Singer 360 Fashion Mate Sewing Machine

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Singer Fashion Mate Model 360

We paid $10.00 for this machine at a Mission Church fund raiser here in Point Pleasant. It had all of its parts including a box of cams, a nice clamshell speed control, and the general purpose foot which we seem to always be in need of. Its owner was a smoker and we were surprised how much odor remained so our first order of business was airing it out.

The machine was made in Italy and the serial number was ground off for some odd reason.

The machine does not use a bobbin case which is a plus. The bobbin can be easily loaded beneath the slide plate.

Rear view of Singer 360

The above image shows the back side of our Singer 360. The machine has a typical motor which drives a belt which spins the handwheel--it is not gear driven. The entire thing is covered with plastic for cosmetic reasons.

Exposed Interior of Singer 360

Under the all-plastic skin of our Singer 360 is a very substantial metal framework and mechanisms. We don't have a manual for the machine, so we learned how to lubricate this machine the hard way. To gain access to lubrication points, the top is first removed and then after finding about a half-dozen nicely concealed screws--three different sizes, the entire back side can be removed in one piece.

An oil can with a long flexible spout is essential to lubricating this machine. If we didn't have some experience with Singers, we could never have found all points requiring lubrication.

There is a tab protruding from the base of the machine. This little extension is extracted when tilting the machine rearward to prevent the base from flipping over.

Singer 360 Belt Drive
Singer 360 Belt Drive

Our Singer 360 has a belt drive shown above. We would guess that this is a weak link in the chain of this machine. First, the fiber belt can't last forever, and secondly, it the belt ever slips a cog, really bad things will happen as the needle and bobbin will be out of sync. If the belt is removed for any reasons, care must be taken to install it properly. At this time, we have no clue as to how to re-sync the machine but would assume there are procedures on the web for this task. Fortunately, our machine works perfectly as it is. In fact, after lubricating it and installing a new needle, it sewed a very nice stitch.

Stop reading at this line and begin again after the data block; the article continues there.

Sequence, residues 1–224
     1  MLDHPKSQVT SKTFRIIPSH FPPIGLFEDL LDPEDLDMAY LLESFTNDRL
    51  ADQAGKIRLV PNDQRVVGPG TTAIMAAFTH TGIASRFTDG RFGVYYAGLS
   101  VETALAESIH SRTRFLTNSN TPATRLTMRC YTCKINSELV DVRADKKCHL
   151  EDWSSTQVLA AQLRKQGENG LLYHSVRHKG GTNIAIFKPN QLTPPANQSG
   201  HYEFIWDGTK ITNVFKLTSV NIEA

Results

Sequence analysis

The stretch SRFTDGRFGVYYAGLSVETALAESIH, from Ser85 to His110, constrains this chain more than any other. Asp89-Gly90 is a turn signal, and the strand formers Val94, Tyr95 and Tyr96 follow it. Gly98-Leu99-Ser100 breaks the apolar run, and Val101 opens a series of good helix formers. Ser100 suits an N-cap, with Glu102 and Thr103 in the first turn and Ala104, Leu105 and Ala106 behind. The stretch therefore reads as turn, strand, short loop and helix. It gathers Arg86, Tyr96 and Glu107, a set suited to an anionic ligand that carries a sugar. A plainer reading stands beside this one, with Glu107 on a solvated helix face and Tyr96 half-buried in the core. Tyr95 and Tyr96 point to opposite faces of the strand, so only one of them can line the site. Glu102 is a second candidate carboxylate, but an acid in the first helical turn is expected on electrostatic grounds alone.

For some reason, the machine never had a serial number or it was ground off the space which is the elongated dark spot on the top of the base.

Box of Cams (or Discs) for Singer 360

We were fortunate to find a machine that had a box of seven cams. We created a pattern of each which is shown below.

The patterns were made with cams inserted into the machine. A piece of foundation was placed beneath the fabric to keep it from puckering. The stitch-length adjustment can be moved about to either stretch-out or compress the pattern.

Access Door for Singer 360 Cams

The above black-and-white image shows where the cams are inserted. After inserting the cams into the compartment, the right-hand sliding lever must be moved to the cam position so the cam follower will be in proper position. Depressing the center of the cam stack will slightly eject the cam so it can be retrieved. The hinges on the little door are plastic--as is the door and we held our breath every tome we opened it, but our hinges are still intact unlike many of these machines.

Updated June 10, 2009